Tell SASSA grant beneficiaries the truth about where their money is coming from. It isn’t the ANC. Over 30% of the population receives a grant, so don’t you think there should be “Your SASSA grant courtesy of the taxpayer” printed on every SASSA receipt?
Stop opening your mouth to change feet. How could you defend MPs’ salaries by saying that they struggle to make ends meet? On R1-million a year plus benefits? Are you serious? Most of the private sector have had deep cuts in their salaries during Covid, with some losing their benefits altogether, not to mention those who actually lost their jobs or businesses. And these are people who are keeping the economy going, sustaining jobs and paying tax. Just how tone deaf are you? Couldn’t you have just done a cuddle-up with MPs and explained that on those salaries, they are in the top 4% of earners in SA, and that they better just make do since the rest of us have blood on the floor? Come on, seriously.
Stop people thinking that any criticism of the government is subliminal racism. That’s genuinely juvenile. Most South Africans couldn’t care less what colour the government is. They just want clean government. Good services they pay for. Fair taxation. Respect. Law and order. The opportunity to exchange their skills for fair compensation. Fair treatment under the law. The basics. We don’t much care about anything else. So tell them to grow up.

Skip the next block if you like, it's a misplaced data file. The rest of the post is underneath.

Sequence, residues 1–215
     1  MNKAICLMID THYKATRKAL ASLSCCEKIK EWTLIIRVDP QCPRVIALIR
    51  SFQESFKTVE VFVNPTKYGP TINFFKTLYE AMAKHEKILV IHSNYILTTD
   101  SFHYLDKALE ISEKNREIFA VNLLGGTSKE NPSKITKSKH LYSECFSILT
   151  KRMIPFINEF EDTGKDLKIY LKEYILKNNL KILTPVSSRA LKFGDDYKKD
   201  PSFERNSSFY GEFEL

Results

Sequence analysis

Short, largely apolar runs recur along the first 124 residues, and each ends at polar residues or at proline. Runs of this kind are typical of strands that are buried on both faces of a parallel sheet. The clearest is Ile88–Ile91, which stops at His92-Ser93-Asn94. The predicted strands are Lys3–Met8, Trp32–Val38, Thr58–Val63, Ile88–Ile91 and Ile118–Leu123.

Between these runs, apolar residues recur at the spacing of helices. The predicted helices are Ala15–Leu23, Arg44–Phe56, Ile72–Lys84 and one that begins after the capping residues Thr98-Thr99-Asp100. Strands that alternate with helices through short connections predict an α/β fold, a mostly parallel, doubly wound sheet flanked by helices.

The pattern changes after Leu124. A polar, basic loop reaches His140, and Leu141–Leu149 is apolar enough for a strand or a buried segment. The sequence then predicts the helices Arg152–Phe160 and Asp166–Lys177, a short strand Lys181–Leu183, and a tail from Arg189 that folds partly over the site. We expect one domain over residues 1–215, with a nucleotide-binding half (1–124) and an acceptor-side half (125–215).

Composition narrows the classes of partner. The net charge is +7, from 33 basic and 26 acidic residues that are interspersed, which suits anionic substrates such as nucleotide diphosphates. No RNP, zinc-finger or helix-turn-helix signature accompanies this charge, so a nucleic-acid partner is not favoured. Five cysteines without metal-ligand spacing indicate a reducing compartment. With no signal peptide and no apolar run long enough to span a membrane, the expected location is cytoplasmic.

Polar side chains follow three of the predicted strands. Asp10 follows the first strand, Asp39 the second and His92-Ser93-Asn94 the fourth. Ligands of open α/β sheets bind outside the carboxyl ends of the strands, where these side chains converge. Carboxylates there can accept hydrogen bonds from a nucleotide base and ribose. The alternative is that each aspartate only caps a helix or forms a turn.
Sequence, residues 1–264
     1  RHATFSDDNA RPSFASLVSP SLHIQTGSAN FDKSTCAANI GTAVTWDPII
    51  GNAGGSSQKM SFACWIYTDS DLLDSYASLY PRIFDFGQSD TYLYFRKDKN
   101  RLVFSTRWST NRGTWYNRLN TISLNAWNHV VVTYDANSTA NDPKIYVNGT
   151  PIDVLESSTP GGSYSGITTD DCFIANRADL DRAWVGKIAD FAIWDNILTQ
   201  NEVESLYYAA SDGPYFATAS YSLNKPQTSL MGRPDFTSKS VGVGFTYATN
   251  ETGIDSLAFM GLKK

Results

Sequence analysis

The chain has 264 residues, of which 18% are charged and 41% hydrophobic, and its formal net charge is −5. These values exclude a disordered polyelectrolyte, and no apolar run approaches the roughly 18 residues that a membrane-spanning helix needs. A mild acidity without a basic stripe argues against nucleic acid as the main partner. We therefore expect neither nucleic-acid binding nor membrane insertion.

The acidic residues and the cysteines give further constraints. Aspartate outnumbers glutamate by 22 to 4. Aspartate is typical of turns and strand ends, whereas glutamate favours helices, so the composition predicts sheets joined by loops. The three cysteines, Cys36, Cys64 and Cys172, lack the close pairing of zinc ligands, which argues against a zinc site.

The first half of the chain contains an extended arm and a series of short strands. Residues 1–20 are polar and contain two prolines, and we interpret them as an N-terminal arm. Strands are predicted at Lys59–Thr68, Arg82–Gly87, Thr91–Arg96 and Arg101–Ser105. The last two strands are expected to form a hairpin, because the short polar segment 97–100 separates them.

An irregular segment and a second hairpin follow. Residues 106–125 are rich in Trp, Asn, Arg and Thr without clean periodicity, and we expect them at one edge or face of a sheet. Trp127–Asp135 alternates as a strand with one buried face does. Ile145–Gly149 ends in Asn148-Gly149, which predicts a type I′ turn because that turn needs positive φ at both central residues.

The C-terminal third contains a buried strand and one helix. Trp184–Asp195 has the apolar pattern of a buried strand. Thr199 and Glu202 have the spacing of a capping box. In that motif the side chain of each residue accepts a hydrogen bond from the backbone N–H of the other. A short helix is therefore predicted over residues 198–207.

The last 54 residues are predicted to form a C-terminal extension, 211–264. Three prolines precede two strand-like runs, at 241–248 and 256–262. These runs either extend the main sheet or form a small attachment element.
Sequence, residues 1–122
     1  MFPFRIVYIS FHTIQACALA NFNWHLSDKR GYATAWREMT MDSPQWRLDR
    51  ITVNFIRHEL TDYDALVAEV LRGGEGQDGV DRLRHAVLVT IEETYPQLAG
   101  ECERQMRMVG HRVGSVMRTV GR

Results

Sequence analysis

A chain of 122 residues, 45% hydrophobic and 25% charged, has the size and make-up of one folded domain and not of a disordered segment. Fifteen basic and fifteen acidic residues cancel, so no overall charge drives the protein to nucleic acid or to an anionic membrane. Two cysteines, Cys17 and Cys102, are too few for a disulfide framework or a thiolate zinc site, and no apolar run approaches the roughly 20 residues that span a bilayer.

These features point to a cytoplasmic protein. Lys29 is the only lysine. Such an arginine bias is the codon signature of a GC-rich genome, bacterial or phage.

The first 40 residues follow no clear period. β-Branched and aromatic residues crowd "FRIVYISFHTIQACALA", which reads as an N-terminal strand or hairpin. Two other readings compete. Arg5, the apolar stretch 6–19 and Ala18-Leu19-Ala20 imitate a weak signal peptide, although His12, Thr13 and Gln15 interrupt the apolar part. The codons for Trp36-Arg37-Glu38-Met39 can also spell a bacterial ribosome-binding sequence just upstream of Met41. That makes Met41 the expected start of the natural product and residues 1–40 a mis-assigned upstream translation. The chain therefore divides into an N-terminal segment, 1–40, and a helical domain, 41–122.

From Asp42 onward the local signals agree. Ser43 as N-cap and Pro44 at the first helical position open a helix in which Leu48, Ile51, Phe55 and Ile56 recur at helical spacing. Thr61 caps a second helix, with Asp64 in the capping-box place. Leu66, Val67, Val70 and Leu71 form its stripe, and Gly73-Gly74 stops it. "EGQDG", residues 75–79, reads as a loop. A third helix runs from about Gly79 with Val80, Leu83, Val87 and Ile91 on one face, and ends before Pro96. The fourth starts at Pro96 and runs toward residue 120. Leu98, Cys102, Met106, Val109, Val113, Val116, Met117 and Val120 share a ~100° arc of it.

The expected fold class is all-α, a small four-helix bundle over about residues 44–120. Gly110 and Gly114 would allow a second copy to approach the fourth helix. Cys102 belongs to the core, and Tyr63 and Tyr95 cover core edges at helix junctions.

Let me end by asking you a genuine question. Do you not actually realise that you’ve won? Because you sure as hell don’t look like it.
I don’t mean the election, I mean the insurrection. Citizens across the board gathered to man the barricades, shoulder to shoulder. The bad guys were repelled. Sanity re-emerged. The RET brigade lost. South Africans stood together to defend not only their lives and property, but the Constitution and the democratic state. The one you lead. So, the RET gangsters lost the battle, but also the psychological one. And the political one. It was a close-run thing at times, but the centre held.
I’m not in politics (there is a God) but you should know this from your previous life: in business, half the trick of successful leadership is behaving like a leader, and the other half is sounding like one. So why don’t you? When your enemy is down, you don’t start playing a long game of chess, you kick him. We don’t see any evidence of kicking, and it’s making us nervous.
The attempted coup was an inflection point. It’s not the time to drop the ball. Run with it.
Get out of the Fresnaye bunker. Take the difficult decisions. Do a bit of shock and awe, and the momentum of resolute action will be unstoppable. Bring the country with you. All of us. As equal citizens. Start acting like a winner. A lot depends on it.
- Niemoller is the nom de plume of a member of the BizNews community who prefers to remain anonymous.